The Prince of Wales said there needs to be an “extraordinary” global effort to fight the crisis. He warned the “clock was ticking” in the battle ag
The Prince of Wales said there needs to be an “extraordinary” global effort to fight the crisis. He warned the “clock was ticking” in the battle against climate change.
Prince Charles said now is the time for the world to unite in the same way it has done to fight the coronavirus pandemic.
The future King made his comments during an event hosted by the US think tank Atlantic Council on Thursday.
Prince Charles joined the Global Energy Forum via video link.
He called for a modern version of the post-war Marshall Plan.
The Marshall Plan was a US programme which gave billions of dollars in aid to help rebuild Western Europe after the Second World War.
Prince Charles said a similar plan “is needed today on a global scale”.
The Prince of Wales also discussed his recently launched Terra Carta plan.
The Earth charter is a £7.3billion multinational recovery plan between some of the biggest firms.
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Prince Charles said: “It is this which will determine whether or not our children and grandchildren look back on a series of broken promises.
“Or instead reflect on a tipping point at which the world shifted towards a more sustainable, equitable and prosperous trajectory.
“Last January none of us could have anticipated the devastating pandemic which was about to unfold or its horrifying impact on lives and livelihoods everywhere.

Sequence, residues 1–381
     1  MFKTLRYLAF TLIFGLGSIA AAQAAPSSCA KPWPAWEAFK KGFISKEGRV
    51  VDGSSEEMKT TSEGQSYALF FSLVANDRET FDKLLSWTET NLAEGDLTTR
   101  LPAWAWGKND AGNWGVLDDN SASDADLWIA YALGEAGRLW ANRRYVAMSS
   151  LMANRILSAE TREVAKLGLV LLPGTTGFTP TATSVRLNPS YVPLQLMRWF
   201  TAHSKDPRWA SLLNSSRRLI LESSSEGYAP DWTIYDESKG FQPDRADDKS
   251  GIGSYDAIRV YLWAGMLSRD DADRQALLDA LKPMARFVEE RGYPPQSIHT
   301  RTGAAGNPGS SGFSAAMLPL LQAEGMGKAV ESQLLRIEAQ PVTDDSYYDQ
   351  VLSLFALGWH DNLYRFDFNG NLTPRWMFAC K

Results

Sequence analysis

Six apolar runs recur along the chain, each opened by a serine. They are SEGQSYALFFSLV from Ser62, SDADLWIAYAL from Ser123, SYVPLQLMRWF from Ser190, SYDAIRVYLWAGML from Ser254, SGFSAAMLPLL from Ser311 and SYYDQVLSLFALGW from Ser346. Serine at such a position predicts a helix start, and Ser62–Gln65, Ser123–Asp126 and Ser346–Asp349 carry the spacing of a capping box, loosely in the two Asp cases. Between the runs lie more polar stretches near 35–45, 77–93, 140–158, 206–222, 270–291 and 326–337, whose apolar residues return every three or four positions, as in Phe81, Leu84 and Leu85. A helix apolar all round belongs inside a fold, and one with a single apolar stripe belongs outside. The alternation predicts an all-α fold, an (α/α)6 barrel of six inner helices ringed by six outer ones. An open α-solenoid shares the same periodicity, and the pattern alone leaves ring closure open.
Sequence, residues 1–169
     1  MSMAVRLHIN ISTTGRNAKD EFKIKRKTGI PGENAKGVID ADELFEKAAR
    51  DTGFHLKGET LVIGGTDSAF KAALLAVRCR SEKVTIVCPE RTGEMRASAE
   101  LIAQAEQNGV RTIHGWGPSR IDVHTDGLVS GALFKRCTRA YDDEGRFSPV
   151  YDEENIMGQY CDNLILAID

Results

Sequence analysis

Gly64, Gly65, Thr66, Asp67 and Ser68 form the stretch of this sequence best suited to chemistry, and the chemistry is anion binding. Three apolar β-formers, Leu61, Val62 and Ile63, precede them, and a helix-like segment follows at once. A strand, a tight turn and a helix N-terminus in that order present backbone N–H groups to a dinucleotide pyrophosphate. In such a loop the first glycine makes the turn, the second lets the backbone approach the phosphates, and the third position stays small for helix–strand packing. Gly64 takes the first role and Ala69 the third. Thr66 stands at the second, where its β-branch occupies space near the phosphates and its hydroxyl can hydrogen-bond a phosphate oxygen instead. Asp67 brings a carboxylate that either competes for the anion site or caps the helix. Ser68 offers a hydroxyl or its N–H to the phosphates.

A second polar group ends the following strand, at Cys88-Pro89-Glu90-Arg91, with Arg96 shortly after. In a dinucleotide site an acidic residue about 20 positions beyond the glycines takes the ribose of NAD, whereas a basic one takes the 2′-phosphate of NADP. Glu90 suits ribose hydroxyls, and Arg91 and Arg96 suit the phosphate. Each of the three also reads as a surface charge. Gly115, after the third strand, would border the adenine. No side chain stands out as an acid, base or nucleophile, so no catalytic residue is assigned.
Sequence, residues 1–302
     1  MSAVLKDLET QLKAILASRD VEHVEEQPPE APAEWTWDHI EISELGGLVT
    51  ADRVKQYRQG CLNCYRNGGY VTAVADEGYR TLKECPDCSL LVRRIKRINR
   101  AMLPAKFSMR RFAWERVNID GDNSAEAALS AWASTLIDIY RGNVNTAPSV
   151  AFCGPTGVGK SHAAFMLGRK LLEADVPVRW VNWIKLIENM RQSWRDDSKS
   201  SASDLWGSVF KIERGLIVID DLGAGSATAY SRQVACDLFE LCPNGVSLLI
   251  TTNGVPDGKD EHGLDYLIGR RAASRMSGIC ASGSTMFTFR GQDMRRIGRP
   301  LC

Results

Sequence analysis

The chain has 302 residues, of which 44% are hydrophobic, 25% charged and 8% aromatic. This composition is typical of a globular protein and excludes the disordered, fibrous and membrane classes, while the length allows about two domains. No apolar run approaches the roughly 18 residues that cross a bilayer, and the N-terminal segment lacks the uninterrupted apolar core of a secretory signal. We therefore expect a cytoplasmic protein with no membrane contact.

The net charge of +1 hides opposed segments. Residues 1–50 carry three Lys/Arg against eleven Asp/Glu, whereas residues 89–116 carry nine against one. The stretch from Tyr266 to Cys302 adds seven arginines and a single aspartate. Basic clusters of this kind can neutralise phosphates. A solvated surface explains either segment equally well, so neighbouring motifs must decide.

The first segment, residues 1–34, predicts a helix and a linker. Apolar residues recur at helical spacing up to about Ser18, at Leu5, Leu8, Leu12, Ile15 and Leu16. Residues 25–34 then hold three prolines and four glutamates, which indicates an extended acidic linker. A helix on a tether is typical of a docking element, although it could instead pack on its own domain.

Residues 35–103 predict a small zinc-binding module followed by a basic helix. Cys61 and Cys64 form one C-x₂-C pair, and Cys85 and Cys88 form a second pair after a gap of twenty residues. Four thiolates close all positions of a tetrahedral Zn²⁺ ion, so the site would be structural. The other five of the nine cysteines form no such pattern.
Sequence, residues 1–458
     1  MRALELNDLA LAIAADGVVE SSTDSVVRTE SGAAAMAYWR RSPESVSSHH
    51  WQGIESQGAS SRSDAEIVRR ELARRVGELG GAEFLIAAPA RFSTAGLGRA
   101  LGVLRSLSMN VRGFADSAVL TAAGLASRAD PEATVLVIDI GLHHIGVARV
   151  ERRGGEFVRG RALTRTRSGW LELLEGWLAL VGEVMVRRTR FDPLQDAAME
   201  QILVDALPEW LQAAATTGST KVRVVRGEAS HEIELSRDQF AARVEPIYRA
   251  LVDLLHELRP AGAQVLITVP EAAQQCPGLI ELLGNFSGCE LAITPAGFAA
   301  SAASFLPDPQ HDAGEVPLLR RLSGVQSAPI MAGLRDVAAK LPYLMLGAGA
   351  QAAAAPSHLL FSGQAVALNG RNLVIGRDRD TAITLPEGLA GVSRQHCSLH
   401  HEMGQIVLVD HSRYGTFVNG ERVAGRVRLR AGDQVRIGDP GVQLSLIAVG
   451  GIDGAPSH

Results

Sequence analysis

“Today, reflecting on all that we have endured together, it is more clear than ever that human health and planetary health are fundamentally interconnected.”
The Prince of Wales explained how a global crisis can only be addressed “with unprecedented levels of ambition”.
He added: “That necessity, combined with science and transformative levels of resources, can deliver action at an extraordinary scale.”
Prince Charles was invited to the event to speak about his Terra Carta plan.
The initiative was inspired by the Magna Carta – a historical document which defines the fundamental rights and liberties of all people.
The Prince of Wales admitted it had been an “uphill struggle” to get companies to agree to the plan.
He said: “I have spent very nearly 40 years of my life on trying to encourage corporate social and environmental responsibility. It has been an uphill struggle.
“And now suddenly, the dam has burst and I find myself approached by all sorts of people wanting to work with us on these matters.”